2. Well, I started awhile ago on this, asking folks for input, and got some, so it is probably time to figure out where he really goes. Synopsis We want to tell the game where Aran is supposed to meet the party - where he "spawns" in-game. To do that, we use WeiDU to add him in, first having researched area, x.y coordinates, and extended that area's script with the instructions to do so. In addition, we want to allow players to choose where he goes, but they have to choose one area out of the pool of choices, and the instructions must be run out (can' be skipped or uninstalled without replacement, or he will never spawn for players). Starting at Providing Choices In The .tp2 There are some cool ways of getting player input, including very customizable things like ACTION_READLN and setting up multiple components. There are some advantages to READLN we have already discussed, so let's go to a simple way of adding a player choice to an install - SUBCOMPONENT and FORCED_SUBCOMPONENT. Regular WeiDU installation Choices; Simple. Effective. And They Can Roll Back. In our regular WeiDU installation, the easiest way to let things work is to create a separate component and let players choose what they want to install, like this: BEGIN ~This is the first component in my mod.~ BEGIN ~This is the second component in my mod.~ Simple enough, though sometimes it feels odd to do a BEGIN without an END, but don't complain to the bigg - that is way way legacy stuff that can't be changed without messing up about everything out there already coded. He didn't write it like that - it came that way from back in the day, and we need it to say how the game will play. Darn - almost made that work, but it got confusing. Basically, if we want to be able to use older mods, we need backwards compatibility, and the bigg has to stick within certain constraints, this being one of them. With this example above, all we are saying is "WeiDU, do this first set of instructions." "WeiDU, do this second set of instructions." So, a mod .tp2 might have something like BEGIN ~This is the first coponent in my mod. Aran is starting in Candlekeep.~ EXTEND_BOTTOM ~CANDLEKEEP.ARE~ ~aranw/baf/starting_area.baf~ BEGIN ~This is the second coponent in my mod. Aran is starting in East Timbuktoo~ EXTEND_BOTTOM ~EAST_TIMBUKTOO.ARE~ ~aranw/baf/starting_area.baf~ This lets the player choose to install component 1, Candlekeep start, or to install component 2, African Safari start, and we have accomplished our mission. Except... under this configuration, the player could choose 1 AND 2. They could choose 1 OR 2.They could choose 1. They could choose 2. Or they could skip both. Worst of all from a mod author's standpoint, they could choose both, then uninstall them both, and then come complaining when Aran doesn't show up in the game... so we probably do not want to do the installation choice this way. HEY - why don't we use READLN? I mean, it is simple enough - the code is out there, and wee have already gone through it in another post - why would we *not* use that fancy way of creating choice for the player in this instance? Two words... Weidu. Log. When WeiDU puts out the central log of everything, it sees components that are installed. The .DEBUG created from your mod install has lots of cool information for troubleshooting, but standard practice for troubleshooting is to get the big, obvious text file in the game folder named "weidu.log" and use it to determine if things have gone right or wrong in a player's game. Those entries are *only* mod components installed, not the READLN choices, because the WeiDU.log serves a cool purpose - it helps weidu operate. Cluttering it up with inner actions of a component would mess it up, as will PRINT and other commands within your .tp2. Basically, it is an index of mod components, not a listing of every single change to your game in great detail. Here is a sample entry in the weidu.log after installation: Now, I can go with a "list every component approach, like Fixpack: but we just figured out I don't want that approach, because with Fixpack we want players to be able to install and uninstall various things as they choose. With the spawining area, this is not such a good idea. Not only do we want players to choose one, we want them to be required to choose one of several choices, or have the mod pull itself out - because if you can't spawn him, it is just as bad if you have him popping up in a dozen areas, all coming up to various versions of himself like in Multiplicity, saying "Hey, you look familiar - what a handsome dude you are. You got any work?" And READLN doesn't leave a clue in the weidu.log as to which choice the player has made, so 3/4 of the way through a Mega-BGT-BP, when a player is completely confsed, and wants to go pick up Aran, We can't go "gee... do you remember where you told him to spawn, three months ago, while you were spending hours staring at your computer screen willing the installation to move faster?" So we want 1. a way that weidu will ask the player to choose from a panel of choices 2. allow weidu the ability to report which choice was made 3. require/demand/insist/not proceed until the player chooses one of the panel of choices. Enter the world of SUBCOMPONENT | FORCED_SUBCOMPONENT (tadaa!) Let's go back to Grim Squeaker's Tyris Flare mod for a second. I only posted a portion of the Weidu.log. The full entry for Tyris looks like this: Now, that is pretty cool. Grim Squeaker has a second component, that allows players to choose an alternate portrait. Let's look at how it got coded: BEGIN ~Alternate Portrait 1~ DESIGNATED 101 REQUIRE_COMPONENT ~Setup-TyrisFlare.tp2~ ~0~ ~NPC is not installed, therefore skipping alternate portraits...~ SUBCOMPONENT ~Alternate Tyris Portraits~ COPY ~TyrisFlare/Portraits/Alternate1/G#TYRISL.bmp~ ~override/G#TYRISL.bmp~ ~TyrisFlare/Portraits/Alternate1/G#TYRISM.bmp~ ~override/G#TYRISM.bmp~ ~TyrisFlare/Portraits/Alternate1/G#TYRISS.bmp~ ~override/G#TYRISS.bmp~ BEGIN ~Alternate Portrait 2~ SUBCOMPONENT ~Alternate Tyris Portraits~ COPY ~TyrisFlare/Portraits/Alternate2/G#TYRISL.bmp~ ~override/G#TYRISL.bmp~ ~TyrisFlare/Portraits/Alternate2/G#TYRISM.bmp~ ~override/G#TYRISM.bmp~ ~TyrisFlare/Portraits/Alternate2/G#TYRISS.bmp~ ~override/G#TYRISS.bmp~ BEGIN ~Alternate Portrait 3~ SUBCOMPONENT ~Alternate Tyris Portraits~ COPY ~TyrisFlare/Portraits/Alternate3/G#TYRISL.bmp~ ~override/G#TYRISL.bmp~ ~TyrisFlare/Portraits/Alternate3/G#TYRISM.bmp~ ~override/G#TYRISM.bmp~ ~TyrisFlare/Portraits/Alternate3/G#TYRISS.bmp~ ~override/G#TYRISS.bmp~ BEGIN ~Alternate Portrait 4~ SUBCOMPONENT ~Alternate Tyris Portraits~ COPY ~TyrisFlare/Portraits/Alternate4/G#TYRISL.bmp~ ~override/G#TYRISL.bmp~ ~TyrisFlare/Portraits/Alternate4/G#TYRISM.bmp~ ~override/G#TYRISM.bmp~ ~TyrisFlare/Portraits/Alternate4/G#TYRISS.bmp~ ~override/G#TYRISS.bmp~ The initial DESIGNATED 101 is a way of telling weidu that the modder wants this component to be labled 101, even if it is component 2 of 2. Ordinarily, Weidu decides component numbers on the fly, based on what it sees - a component can get swapped around in install order over the course of development, etc. This DESIGNATED locks the component number. You might want to do this if you are making sure things remain available to check for over time by other modders, so that if they put something like line 2, REQUIRE_COMPONENT, or FORBID_COMPONNT, or anything else in that series of choices, the numbering is right. Here, an example. Pretend I made a mod that Grim Squeaker had contributed to that already had Tyris' portarit choice in it. Because he put DESIGNATED 101, I can use that number to avoid duplication - FORBID_COMPONENT ~Setup-TyrisFlare.tp2~ ~101~ ~Tyris Flare's Alternate Portraits are already installed, therefore skipping alternate Tyris portraits...~ and he he could add [FORBID_COMPONENT ~setup-cmorgans_massive_portrait_pack.tp2~ ~27~ ~Sorry, you already chose Tyris' portrait, therefore skipping alternate portraits...~ Of course, if I did not use DESIGNATED 27, and I added another component, it would become component 28, and then Grim is messed up bad - so usig DESIGNATED can help with things like this. Why not just do it Old Skool, and go with BEGIN ~Alternate Portrait 1~ BEGIN ~Alternate Portrait 2~ BEGIN ~Alternate Portrait 3~ BEGIN ~Alternate Portrait 4~ Well... becuse players dont want to be bothered with picking and choosing components for every mod. Some folks would just install everything. Under that setup, Tyris would have her original portrait. Then Alternate 1 would be added. Then Alternate 2, then 3, then 4, each overwriting the last. And the end result would be that most installs of Tyris Flare would use Alternate Portrait v4, and there would be a bunch of extra lines in the weidu.log, and it would be silly. So, putting these into So, next line is already covered. He has 4 components, BEGIN ~Alternate Portrait 1~ BEGIN ~Alternate Portrait 2~ BEGIN ~Alternate Portrait 3~ BEGIN ~Alternate Portrait 4~ Why not just do it Old Skool, and go with this as is? Well... because players don't want to be bothered with picking and choosing components for every mod. Or reading README's and figuring out that they are installing something that does exactly the same thing over the top of what they just chose. Some folks would just install everything. Under that setup, Tyris would have her original portrait. Then Alternate 1 would be added. Then Alternate 2, then 3, then 4, each overwriting the last. And the end result would be that most installs of Tyris Flare would use Alternate Portrait v4, and there would be a bunch of extra lines in the weidu.log, and it would be silly. So, putting these into a new format wuill avoid this. As a side note, he has made them all dependent on Tyris being installed, which is generally a good thing for mod-specific content changes. You don't want players adding stuff that has no use in-game, or worse - if this component had tried to edit Tyris' .cre, the mod component would fail and stop installation with an error message about missing the .cre. So, a line that requires that the central component of Tyris Flare be installed, looking for component ~0~. Adding this line back into our deconstruction - BEGIN ~Alternate Portrait 1~ DESIGNATED 101 REQUIRE_COMPONENT ~Setup-TyrisFlare.tp2~ ~0~ ~NPC is not installed, therefore skipping alternate portraits...~ BEGIN ~Alternate Portrait 2~ BEGIN ~Alternate Portrait 3~ BEGIN ~Alternate Portrait 4~ Now things get fancy. He makes each of these components into be a subset of another component, so that what we originally had as four separate install choices become one of a small group of choices: BEGIN ~Alternate Portrait 1~ DESIGNATED 101 REQUIRE_COMPONENT ~Setup-TyrisFlare.tp2~ ~0~ ~NPC is not installed, therefore skipping alternate portraits...~ SUBCOMPONENT ~Alternate Tyris Portraits~ BEGIN ~Alternate Portrait 2~ SUBCOMPONENT ~Alternate Tyris Portraits~ BEGIN ~Alternate Portrait 3~ SUBCOMPONENT ~Alternate Tyris Portraits~ BEGIN ~Alternate Portrait 4~ SUBCOMPONENT ~Alternate Tyris Portraits~ So far, beautiful. I can adapt the same idea, and go crazy! Except... why SUBCOMPONENT? What happened to the FORCED_ ? Well, Grim Squeaker sent Tyris Flare out into the world with an existing portrait. No player *has* to install *any* of the alternate portrait choices. So under this configuration, the player can choose to skip the whole thing, or choose one of the portraits. I can't do that for Aran's spawning - I only want one of him, and I insist that the player choose one. So, simple enough edit - with Tyris, all I would have to do to make a player not be able to complete the install without the choice being made, is change that SUBCOMPONENT into FORCED_SUBCOMPONENT. Logical, huh.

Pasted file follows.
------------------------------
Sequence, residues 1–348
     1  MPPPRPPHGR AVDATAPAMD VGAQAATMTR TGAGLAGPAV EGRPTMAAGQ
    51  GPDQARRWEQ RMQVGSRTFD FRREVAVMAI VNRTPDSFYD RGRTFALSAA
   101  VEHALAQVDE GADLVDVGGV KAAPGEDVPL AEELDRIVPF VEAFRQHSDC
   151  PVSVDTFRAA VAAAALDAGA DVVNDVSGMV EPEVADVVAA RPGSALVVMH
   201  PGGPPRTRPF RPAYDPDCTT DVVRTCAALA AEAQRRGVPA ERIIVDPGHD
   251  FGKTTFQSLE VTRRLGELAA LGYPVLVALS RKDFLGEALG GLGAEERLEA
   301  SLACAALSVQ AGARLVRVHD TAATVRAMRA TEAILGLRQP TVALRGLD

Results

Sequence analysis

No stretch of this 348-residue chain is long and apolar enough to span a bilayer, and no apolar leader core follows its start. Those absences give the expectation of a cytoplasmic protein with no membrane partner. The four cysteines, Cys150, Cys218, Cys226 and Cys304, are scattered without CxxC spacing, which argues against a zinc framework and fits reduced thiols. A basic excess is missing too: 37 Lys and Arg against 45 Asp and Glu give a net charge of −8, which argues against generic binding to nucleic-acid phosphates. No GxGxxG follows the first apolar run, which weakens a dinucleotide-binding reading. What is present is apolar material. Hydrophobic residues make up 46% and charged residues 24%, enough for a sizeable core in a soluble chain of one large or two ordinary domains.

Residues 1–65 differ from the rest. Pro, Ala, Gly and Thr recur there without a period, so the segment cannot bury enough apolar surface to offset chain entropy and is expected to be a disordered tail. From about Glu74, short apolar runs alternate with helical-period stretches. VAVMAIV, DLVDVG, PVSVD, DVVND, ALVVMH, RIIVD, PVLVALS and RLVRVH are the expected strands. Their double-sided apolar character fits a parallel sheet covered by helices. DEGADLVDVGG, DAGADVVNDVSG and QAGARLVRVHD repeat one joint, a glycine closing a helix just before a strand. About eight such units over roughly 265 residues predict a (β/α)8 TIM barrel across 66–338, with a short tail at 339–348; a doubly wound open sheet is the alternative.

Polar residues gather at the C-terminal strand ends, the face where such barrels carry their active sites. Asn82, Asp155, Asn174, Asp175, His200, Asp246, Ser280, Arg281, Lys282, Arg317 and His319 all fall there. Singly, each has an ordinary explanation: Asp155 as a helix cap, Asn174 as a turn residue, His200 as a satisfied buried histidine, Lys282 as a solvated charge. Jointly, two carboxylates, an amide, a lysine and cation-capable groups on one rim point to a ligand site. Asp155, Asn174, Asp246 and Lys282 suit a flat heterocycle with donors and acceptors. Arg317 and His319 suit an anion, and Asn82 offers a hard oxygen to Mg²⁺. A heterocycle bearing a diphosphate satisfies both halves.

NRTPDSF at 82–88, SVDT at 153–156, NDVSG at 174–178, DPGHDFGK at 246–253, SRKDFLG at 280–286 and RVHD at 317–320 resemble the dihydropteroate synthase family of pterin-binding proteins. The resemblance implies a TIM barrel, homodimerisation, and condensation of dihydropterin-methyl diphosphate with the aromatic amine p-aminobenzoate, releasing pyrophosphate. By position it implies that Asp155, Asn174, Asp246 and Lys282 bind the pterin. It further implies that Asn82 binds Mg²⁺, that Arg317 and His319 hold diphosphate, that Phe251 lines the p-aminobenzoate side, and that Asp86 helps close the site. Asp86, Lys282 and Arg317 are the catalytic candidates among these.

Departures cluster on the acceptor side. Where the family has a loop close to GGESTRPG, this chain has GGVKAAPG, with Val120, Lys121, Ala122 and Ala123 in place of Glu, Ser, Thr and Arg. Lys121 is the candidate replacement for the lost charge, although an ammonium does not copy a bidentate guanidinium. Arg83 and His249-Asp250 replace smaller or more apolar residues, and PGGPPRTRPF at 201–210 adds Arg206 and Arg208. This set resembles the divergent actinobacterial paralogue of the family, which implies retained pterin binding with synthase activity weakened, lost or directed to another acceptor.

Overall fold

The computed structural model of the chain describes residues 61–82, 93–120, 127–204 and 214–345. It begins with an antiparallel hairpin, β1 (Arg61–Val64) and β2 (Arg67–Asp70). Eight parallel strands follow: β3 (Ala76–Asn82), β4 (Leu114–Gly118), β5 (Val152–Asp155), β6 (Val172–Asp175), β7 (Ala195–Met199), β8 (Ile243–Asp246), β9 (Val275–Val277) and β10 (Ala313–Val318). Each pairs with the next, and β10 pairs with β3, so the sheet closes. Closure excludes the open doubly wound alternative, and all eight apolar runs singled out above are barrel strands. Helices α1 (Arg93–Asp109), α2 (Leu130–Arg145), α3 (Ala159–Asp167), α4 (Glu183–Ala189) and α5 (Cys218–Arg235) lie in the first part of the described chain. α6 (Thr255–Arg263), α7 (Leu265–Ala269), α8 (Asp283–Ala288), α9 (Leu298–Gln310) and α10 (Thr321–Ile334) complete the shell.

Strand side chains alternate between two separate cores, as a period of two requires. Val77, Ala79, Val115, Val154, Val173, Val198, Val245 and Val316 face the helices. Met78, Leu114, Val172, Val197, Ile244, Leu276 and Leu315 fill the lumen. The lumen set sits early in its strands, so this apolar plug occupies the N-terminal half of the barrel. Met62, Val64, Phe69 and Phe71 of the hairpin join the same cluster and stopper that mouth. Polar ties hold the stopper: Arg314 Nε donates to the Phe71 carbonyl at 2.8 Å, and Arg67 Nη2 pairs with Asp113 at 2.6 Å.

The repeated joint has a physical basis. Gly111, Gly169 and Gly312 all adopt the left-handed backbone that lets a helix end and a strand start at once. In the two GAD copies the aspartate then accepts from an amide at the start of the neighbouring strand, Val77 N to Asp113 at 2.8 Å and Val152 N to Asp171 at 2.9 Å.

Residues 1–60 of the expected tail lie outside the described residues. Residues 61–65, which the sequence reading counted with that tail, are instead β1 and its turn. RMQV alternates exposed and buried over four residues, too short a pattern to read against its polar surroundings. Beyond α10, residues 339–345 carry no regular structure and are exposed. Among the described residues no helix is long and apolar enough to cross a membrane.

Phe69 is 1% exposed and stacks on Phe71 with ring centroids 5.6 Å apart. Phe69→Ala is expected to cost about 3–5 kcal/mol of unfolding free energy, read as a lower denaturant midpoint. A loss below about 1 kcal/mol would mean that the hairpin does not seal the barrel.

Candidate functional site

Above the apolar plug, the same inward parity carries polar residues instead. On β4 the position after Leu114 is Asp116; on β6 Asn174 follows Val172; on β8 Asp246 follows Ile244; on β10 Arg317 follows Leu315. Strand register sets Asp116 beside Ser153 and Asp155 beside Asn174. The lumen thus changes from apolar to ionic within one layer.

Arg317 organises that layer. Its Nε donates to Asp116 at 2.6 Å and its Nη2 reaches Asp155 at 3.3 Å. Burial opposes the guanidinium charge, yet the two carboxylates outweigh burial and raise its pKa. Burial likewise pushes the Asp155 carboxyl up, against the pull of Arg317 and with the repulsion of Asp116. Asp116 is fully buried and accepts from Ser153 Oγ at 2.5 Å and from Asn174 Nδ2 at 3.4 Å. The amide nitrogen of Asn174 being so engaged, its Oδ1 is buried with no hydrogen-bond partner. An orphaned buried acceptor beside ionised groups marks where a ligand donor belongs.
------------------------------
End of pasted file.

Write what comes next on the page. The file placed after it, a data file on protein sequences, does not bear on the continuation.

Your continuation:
3. The GROUP flag came about in discussing component management with an abnormally large number of independent components, e.g. BG2 Tweaks, and was added as a feature in WeiDU v192. Previously WeiDU lacked a satisfactory way to organize such a modâ€"the closest feature would be the top level ASK_EVERY_COMPONENT, which only allows for a single all-or-none approach. The solution is a new component flag, GROUP, with the following syntax (and example): GROUP string BEGIN ~100% Learn Spells~ GROUP ~Convenience Tweaks~ // component code BEGIN ~Identify All Items~ GROUP ~Convenience Tweaks~ // component code BEGIN ~Give Edwin his BG2 Stats~ GROUP ~NPC Tweaks~ // component code BEGIN ~ Give Jaheira her BG2 Stats~ GROUP ~NPC Tweaks~ // component code Upon installing the mod, the player is now presented with meta-options on each group at a high level: Would you like to display the category [Convenience Tweaks]? [Y]es/[N]o Would you like to display the category [NPC Tweaks]? [Y]es/[N]o Selecting [N]o on any group suppresses those options from being displayed, leading to a simpler and more controlled installer experience for the player. In the provided example, selecting [N]o to Convenience Tweaks and [Y]es to NPC Tweaks would result in WeiDU starting installation by asking to install the Give Edwin his BG2 Stats component. GROUP operates independently of SUBCOMPONENT, meaning you can use both to organize the mod as needed. A few other items of note: A component can belong to multiple GROUPs; a component is not offered for install if and only if none of its member groups are selected You could, in theory, have two components in the same SUBCOMPONENT grouping but different GROUPs. Don't do this. If some components of a mod are in a GROUP, but others are not, the non-GROUPed components will always be presented. Using a GROUP anywhere in your mod will act as an implied ASK_EVERY_COMPONENT tp2 flag.
  4. SUBCOMPONENTs allow to group together a set of mutually exclusive mod components into a single menu-style selection. The primary purpose of SUBCOMPONENTs is to streamline mod installation and to make life easier for end users. For example, SUBCOMPONENTS are ideal if you wish to provide multiple portrait selections for an NPC mod, have several kits available to one NPC, or for changes that conflict with one another (i.e. raising an XP cap to 10 million or raising it to 20 million). We’ll use the first oneâ€"multiple portrait optionsâ€"as an example. Without SUBCOMPONENTs, the install dialogue would look something like this: Install Component [Delainy Portrait 1 by Bob] [Y]es, [N]o, or [Q]uit Install Component [Delainy Portrait 2 by Fred] [Y]es, [N]o, or [Q]uit Install Component [Delainy Portrait 3 by Wilhelmus] [Y]es, [N]o, or [Q]uit The end user would need to click through the options each time. Worse, conflicting components could be installed. These problems can be limited somewhat by judicious use of predicates, but taking advantage of the SUBCOMPONENT feature yields far superior results: Install Component [Delainy Portrait] [N]o, [Q]uit, or choose one: 1] Portrait 1 by Bob 2] Portrait 2 by Fred 3] Portrait 3 by Wilhelmus Only one of these options can be installed at any time; re-installing and selecting a different SUBCOMPONENT will automatically uninstall the previously installed one. Setting this up is dead simple: BEGIN ~Portrait 1 by Bob~ /* The string above is displayed in the subcomponent listing, i.e. the list with 1] 2] 3] etc. You can, of course, use TRA references instead for this and the SUBCOMPONENT string below. */ SUBCOMPONENT ~Delainy Portrait~ /* The string above is displayed as the component listing and must be the same for each SUBCOMPONENT. The tp2 code that follows is only executed if this SUBCOMPONENT is selected. */ COPY ~Delainy/portraits/opt1G.bmp~ ~override/CDDELAIG.bmp~ COPY ~Delainy/portraits/opt1M.bmp~ ~override/CDDELAIM.bmp~ COPY ~Delainy/portraits/opt1S.bmp~ ~override/CDDELAIS.bmp~ BEGIN ~Portrait 2 by Fred~ SUBCOMPONENT ~Delainy Portrait~ COPY ~Delainy/portraits/opt2G.bmp~ ~override/CDDELAIG.bmp~ COPY ~Delainy/portraits/opt2M.bmp~ ~override/CDDELAIM.bmp~ COPY ~Delainy/portraits/opt2S.bmp~ ~override/CDDELAIS.bmp~ BEGIN ~Portrait 3 by Wilhelmus~ SUBCOMPONENT ~Delainy Portrait~ COPY ~Delainy/portraits/opt3G.bmp~ ~override/CDDELAIG.bmp~ COPY ~Delainy/portraits/opt3M.bmp~ ~override/CDDELAIM.bmp~ COPY ~Delainy/portraits/opt3S.bmp~ ~override/CDDELAIS.bmp~ Any REQUIRE_FILEs or other module requirements for the whole group should be put with the first subcomponent. If such a requirement fails, none of the subcomponents can be installed. In addition, each individual subcomponent can be guarded by its own predicate. If that predicate fails, that particular subcomponent cannot be installed. One note about SUBCOMPONENTs and mod ordering: WeiDU will display SUBCOMPONENTs in a single grouping no matter if they fall consecutively in the tp2 or not. However, the component number (the one that gets placed in weidu.log and the one you check for in REQUIRE_COMPONENT et al) is still based on their tp2 order. Discussion and comments can be handled in this thread.